I’m so excited. My first novel-length work, At First Contact, had been published!
It’s been a long time coming, the culmination of more than two years’ work (oh, how the pandemic slowed everything down…). Each tale is its own story, independently created and designed to stand alone. And yet, now that they have been combined into a single book these romantic novellas weave together a volume with a broader overarching theme.
The first story in At First Contact is an eponymous tale set in a science fiction universe. A world with androids, with space exploration, with the possibility of life on other planets… yet at its heart, it is a story about both isolation and connection. A story about how we are, under the surface, more similar than we are different.
Reading it now, the thing that strikes me most about the story is how powerfully it resonates with a post-pandemic world – despite having been written before the pandemic. I never imagined, could never have imagined, that the main character’s fear and disgust of germs would be realized in the world around us so dramatically. I never dreamed that the idea of a person who would rather isolate themselves than expose themselves to potential infection would become reality, even a self-imposed duty, for so many of us.
The phobia isn’t the point of the story, of course. It’s merely the thing that drives the protagonist into space, away from humanity. The true story is about finding human connection in the unlikely person of Jay, their android companion. It’s also about exploration and discovery, and about bravery in the face of one’s greatest fear.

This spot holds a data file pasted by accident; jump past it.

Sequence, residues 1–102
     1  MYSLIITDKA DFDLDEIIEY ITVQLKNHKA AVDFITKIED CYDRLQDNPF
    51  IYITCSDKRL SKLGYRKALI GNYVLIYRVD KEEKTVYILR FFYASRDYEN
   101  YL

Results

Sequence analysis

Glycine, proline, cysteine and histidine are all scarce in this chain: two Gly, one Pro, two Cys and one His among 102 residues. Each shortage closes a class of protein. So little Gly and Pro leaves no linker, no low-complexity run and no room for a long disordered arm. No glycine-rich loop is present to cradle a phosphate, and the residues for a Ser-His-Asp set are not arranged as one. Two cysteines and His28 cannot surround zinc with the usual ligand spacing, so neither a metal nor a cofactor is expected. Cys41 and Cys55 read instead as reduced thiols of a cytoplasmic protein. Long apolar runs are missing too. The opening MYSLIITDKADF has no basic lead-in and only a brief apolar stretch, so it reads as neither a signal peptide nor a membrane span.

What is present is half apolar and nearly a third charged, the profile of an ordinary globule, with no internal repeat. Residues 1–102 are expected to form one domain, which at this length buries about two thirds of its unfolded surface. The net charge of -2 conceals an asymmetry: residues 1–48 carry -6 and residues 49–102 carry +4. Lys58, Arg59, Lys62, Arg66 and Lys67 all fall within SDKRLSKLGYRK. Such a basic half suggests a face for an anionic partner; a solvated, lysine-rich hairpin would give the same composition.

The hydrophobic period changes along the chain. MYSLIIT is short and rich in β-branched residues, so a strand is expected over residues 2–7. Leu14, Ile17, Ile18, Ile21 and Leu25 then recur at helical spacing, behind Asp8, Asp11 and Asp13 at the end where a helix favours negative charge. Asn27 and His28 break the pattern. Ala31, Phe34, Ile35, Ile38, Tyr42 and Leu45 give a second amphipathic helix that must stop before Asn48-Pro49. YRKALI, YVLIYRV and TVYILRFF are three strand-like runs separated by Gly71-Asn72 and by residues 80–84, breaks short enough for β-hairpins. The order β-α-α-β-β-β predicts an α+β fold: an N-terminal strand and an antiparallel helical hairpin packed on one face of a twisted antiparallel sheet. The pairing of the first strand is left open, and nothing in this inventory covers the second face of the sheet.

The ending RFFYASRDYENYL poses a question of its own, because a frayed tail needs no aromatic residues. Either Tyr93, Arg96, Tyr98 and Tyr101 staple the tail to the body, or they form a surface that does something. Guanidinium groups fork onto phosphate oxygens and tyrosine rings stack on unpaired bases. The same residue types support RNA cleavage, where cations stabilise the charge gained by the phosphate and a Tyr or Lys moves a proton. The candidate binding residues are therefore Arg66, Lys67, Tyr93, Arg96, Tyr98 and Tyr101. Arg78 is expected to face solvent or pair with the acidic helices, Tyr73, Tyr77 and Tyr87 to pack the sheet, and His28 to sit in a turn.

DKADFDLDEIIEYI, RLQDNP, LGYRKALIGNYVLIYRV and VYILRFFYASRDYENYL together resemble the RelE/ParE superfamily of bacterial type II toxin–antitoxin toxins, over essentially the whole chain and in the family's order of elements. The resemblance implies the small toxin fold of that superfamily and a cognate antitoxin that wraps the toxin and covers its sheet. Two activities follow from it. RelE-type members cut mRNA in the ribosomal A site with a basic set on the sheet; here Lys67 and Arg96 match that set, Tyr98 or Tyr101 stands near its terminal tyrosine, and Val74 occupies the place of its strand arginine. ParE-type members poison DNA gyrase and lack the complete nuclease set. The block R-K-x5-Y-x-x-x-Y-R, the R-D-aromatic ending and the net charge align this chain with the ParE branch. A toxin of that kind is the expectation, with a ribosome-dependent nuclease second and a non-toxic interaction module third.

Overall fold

Ghosted is the second story in the volume. I loved talking about the California coast, with Leo’s explorations being based loosely on many of my own experiences on the beaches of San Diego county. When I began writing, it wasn’t yet clear to me how the story would end. Oh, there would be a happily ever after – that’s a given with romance – but how would the characters get there? In some ways, I discovered what had happened to Will along with Leo, only one step ahead of the characters. It’s amazing when that happens, when the characters tell you their story and you become a channel for their memories and voices. The paranormal spin was a fun and different kind of universe than I’d written before.
With A Touch of Magic, the idea of the world came to me first. I imagined a modern fantasy setting: a world like ours, but with a single minor difference. In this world, one could on rare occasions involuntarily infuse something (or someone) with magic. Sean and Lawrence were shaped by this world, so similar to our own that on the surface it might seem almost the same. But this small but important change from our own world ended up being terribly important to the two men and their future.
I did not set out to write “stories about people with disabilities”. Indeed, I resist defining these three stories as such, preferring to speak of how the characters are alienated from the world around them or themselves in various ways. Yet I can’t escape the fact that, in bringing my characters to life, I often discovered that they had a phobia, or a mental hang up, or trauma, or even chronic pain, that was simply a part of who they were. Sometimes these were reflections of my own experiences or those of people I knew. Sometimes they were simply inherent to the character. They reflected the world around me, with all its uncertainty and instability, and my reactions to it. These tales aren’t dark or depressing. If anything, they’re bright with hope. But they don’t shy away from the idea that not everyone fits the default definition of ‘normal’ (or even of ‘human’) – and that love is possible even for those of us who do not, sometimes not despite our difficulties, but because of them.
Writing the stories in At First Contact was a joy, and more than that, a lifeline during the pandemic: a chance to escape my own world and live in the worlds of Leo and Will or Sean and Lawrence. Inevitably, they were influenced by my feelings at the time, and it was a great comfort to watch as isolation, alienation, and loneliness became transmuted into connection, acceptance, and love. I hope that reading them brings you just as much joy.
by Janice L. Newman
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